In the end, making a shell of a house back into a cocoon of a home wasn’t just about creating a calm, pared-down look. It was also about once again imbuing the space with a very personal touch. “You draw on ideas from all over the place,” says William. “Then you melt it all down and make it your own.”

Well ParedKelly enters her newly renovated home. Though flooded after Katrina, the McCartneys’ home is light and airy once again. Because the wooden floors had
a drain and no subflooring underneath, they remained intact and just had to be refinished.

Kelly and William McCartney have a contagious enthusiasm for New Orleans and a knack for making houseguests feel immediately at ease. One minute they’re directing visitors to Le Beau Plantation, a majestic ghost of a once grand Mississippi River plantation house, just two blocks away, and the next they’re introducing them to the messy joy of Kelly’s Famous French Fry Po-boy, a decadently delicious sandwich, which the Arabi Food Store named after Kelly, who grew up nearby. Despite the devastation the couple experienced after Hurricane Katrina, it’s easy to see why they are happy to be back in their charming cottage and their historic neighborhood. It’s also easy to see why they refurbished their home with the same kind of simple, comfortable ease that characterized it before the storm.

Well ParedThe McCartneys took out a wall between the kitchen and what was previously a second bedroom to make one large, open space for the kitchen and den.

After Katrina, many people who lost their belongings found themselves drawn to a new “less is more” aesthetic, an approach that helped keep replacement costs down, helped take the sting out of the thought of future losses and enabled them to travel light. But when floodwaters invaded the McCartney’s then 88-year-old cottage and most of their possessions ended up in a mangled heap on the street, the couple didn’t have to rethink the way they furnished their home. Long before the storm, their style of choice was open, airy and minimalistic—a cool combination of cottage shabby chic, 1940s Hollywood glamour, streamlined modernism and barefoot beachiness. It’s a look that reflects their appreciation for both urbane sophistication and relaxing seaside destinations.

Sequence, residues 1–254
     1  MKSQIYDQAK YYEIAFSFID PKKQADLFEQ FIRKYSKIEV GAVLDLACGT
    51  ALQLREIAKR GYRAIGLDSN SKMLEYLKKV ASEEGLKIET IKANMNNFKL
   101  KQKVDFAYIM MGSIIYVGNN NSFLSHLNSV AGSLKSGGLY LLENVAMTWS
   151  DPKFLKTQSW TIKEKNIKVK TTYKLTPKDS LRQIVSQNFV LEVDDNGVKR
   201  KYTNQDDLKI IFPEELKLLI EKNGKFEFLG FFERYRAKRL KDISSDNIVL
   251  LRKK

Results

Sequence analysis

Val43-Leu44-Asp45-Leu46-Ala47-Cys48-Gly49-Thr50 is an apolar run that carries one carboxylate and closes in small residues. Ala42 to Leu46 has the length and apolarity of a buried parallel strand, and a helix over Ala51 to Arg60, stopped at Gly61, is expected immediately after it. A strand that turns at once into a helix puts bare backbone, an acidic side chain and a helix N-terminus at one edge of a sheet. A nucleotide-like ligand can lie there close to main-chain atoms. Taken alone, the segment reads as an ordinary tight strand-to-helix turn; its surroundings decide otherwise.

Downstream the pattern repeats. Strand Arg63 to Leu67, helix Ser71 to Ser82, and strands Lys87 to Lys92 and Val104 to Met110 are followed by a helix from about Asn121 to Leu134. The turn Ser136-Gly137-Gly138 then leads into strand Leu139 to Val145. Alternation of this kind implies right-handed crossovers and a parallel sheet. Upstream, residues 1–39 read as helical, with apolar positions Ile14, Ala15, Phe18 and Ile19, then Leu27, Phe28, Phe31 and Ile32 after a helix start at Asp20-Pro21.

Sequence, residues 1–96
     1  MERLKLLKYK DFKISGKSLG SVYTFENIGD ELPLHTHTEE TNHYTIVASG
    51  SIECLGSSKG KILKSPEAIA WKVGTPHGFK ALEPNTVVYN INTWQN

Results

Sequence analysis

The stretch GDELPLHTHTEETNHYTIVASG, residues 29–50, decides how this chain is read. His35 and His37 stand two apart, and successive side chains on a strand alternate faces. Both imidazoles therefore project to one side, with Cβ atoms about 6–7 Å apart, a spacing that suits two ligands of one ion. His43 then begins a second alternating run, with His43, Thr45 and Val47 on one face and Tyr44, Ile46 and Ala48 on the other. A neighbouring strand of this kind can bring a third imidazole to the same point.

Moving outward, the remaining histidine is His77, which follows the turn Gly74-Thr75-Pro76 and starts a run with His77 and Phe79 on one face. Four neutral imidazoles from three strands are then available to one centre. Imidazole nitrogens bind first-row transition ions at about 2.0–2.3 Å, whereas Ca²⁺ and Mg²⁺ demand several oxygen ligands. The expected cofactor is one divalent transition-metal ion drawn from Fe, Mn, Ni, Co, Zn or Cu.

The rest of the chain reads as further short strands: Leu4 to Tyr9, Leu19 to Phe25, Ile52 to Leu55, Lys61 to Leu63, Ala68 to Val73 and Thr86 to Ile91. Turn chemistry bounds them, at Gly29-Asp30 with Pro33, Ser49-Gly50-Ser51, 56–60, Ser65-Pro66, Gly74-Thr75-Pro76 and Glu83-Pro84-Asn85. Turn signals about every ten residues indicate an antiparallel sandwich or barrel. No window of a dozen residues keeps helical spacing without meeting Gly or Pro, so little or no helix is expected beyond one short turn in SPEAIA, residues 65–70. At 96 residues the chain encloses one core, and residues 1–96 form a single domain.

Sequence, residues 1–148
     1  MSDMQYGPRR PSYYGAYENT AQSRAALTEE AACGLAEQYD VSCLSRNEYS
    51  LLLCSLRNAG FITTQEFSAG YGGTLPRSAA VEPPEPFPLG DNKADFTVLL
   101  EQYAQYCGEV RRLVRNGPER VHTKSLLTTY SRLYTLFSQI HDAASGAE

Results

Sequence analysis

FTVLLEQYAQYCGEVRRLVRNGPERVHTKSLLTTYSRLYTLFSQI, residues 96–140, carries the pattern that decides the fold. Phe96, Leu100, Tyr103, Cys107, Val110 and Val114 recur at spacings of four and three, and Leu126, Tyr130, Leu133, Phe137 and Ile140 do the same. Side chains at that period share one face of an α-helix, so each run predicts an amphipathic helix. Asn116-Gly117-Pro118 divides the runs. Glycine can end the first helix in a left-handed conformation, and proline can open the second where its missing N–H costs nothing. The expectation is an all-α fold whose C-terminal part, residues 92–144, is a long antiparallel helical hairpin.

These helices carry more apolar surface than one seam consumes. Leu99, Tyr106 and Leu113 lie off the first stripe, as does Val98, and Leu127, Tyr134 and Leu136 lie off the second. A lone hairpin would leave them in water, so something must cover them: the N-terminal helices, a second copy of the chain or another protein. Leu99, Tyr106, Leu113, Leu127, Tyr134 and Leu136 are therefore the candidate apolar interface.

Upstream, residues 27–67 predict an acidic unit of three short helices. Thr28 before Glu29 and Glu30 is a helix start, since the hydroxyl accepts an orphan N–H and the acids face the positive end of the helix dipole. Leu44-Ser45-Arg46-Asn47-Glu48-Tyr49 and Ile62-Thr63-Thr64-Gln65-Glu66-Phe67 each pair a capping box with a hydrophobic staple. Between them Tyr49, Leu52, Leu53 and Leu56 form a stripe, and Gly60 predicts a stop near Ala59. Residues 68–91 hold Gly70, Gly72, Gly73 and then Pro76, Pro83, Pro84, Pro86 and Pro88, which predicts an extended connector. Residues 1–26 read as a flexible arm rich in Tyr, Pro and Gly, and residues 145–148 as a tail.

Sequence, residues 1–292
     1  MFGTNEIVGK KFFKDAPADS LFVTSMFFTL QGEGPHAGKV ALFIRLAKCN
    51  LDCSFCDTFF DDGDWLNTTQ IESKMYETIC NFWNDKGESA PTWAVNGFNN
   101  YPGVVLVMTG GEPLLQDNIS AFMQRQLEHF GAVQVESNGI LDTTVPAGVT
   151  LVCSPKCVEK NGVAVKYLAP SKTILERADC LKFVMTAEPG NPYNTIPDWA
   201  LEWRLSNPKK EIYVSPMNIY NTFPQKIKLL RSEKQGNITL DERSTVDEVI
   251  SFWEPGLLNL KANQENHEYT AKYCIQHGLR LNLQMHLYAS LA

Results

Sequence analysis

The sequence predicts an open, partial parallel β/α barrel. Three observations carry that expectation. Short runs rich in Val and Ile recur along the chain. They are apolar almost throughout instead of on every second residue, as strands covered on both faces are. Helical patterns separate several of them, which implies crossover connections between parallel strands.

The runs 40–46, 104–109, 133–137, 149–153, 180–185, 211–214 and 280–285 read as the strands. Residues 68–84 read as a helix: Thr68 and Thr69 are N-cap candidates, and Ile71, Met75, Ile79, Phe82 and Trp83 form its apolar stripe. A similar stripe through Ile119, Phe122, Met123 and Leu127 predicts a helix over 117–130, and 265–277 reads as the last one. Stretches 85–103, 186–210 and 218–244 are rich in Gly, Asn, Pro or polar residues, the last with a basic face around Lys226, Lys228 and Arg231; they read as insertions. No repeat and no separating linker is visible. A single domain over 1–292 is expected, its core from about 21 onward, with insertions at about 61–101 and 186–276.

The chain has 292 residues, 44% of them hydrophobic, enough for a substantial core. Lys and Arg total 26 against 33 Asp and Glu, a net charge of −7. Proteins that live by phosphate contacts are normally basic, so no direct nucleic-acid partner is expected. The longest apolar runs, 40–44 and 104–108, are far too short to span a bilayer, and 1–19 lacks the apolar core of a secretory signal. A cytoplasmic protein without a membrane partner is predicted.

“I believe you need to buy what you love,” says Kelly, who worked for a chic Uptown boutique specializing in casually elegant home furnishings and clothing before becoming a high-school teacher. “I always tell people ‘if you love it, buy it and it will work.”

Kelly’s love of design began in childhood. While growing up, she rearranged her room so frequently that her father used to tell her she should own a moving company. Little did anyone know that she was honing a skill that would come in handy after Katrina. Surrounded by loss—most of Kelly’s family lived in Old Arabi and she taught at Chalmette High School—Kelly was initially overwhelmed by the prospect of starting over. But Kelly’s penchant for keeping things simple and the ability to avoid overthinking design decisions helped her navigate the process quickly. The fact that the couple had hired painters and contractors in recent years prior to the storm was also a plus. Though the  house—originally a double shotgun built in 1917—was already renovated when they bought it, they put their own stamp on it with a neutral background palette of bone white and tailored touches like plantation shutters. After the storm, the task of making the house their own was far more involved. This time, while living in a FEMA trailer, they gutted it down to the frame. Then, following the same footprint, they opened the space by removing doors, reconfigured the layout of both the kitchen/den and master bath, and brought in a mix of slick contemporary surfaces and fixtures. “We love the outside look of a shotgun, but we wanted the inside to be updated, and fun and unexpected,” says William, a financial planner with an eye for detail. You don’t usually find things like subway tiles and travertine floors in a shotgun, but you don’t want to live like your grandpa did either.”

Well ParedThe bathroom’s seamless, neutral background of travertine is livenedup with a painting by Jeffrey Stolier and a pink leather pouf from JohnDerian. Plantation shutters provide privacy and filter light.

“We wanted it to be modern, but not too modern,” adds Kelly. “We wanted it to be a softer modern. I like light and openness and I’m very partial to white.”

Inspiration for the couple’s serenely breathable cottage came from a variety of places. Kelly’s maternal grandmother’s meticulous style helped shape her love of design, while William’s appreciation of his surroundings was influenced by his father, an architect who knew Frank Lloyd Wright. (One of the couples most cherished and irreplaceable possessions destroyed by the flood was a circa 1958 photograph of William A. McCartney III with Wright.) “I defer to Kelly,” says William in typically modest fashion. “If she tells me to move something, I pick it up and move it. That’s my design style.”

“He’s very laid back,” agrees Kelly. “He lets me be creative. But we do go to antique stores together and if I’m unsure about something, he tells me honestly what he thinks and he’s usually right.”

Well ParedThe McCartneys, who made most of their purchases for the house along Magazine Street, also drew on ideas that they’d come across in Florida communities like Rosemary Beach and Water Color, which they visit four or five times a year. Aqueous shades of blue, seashells, and natural fibers and materials—such as linen, sisal, jute and stone—are found throughout the house, as are artworks from Cole Pratt Gallery and from Kelly’s circle of artistic friends.

In the end, making a shell of a house back into a cocoon of a home wasn’t just about creating a calm, pared-down look. It was also about once again imbuing the space with a very personal touch. “You draw on ideas from all over the place,” says William. “Then you melt it all down and make it your own.”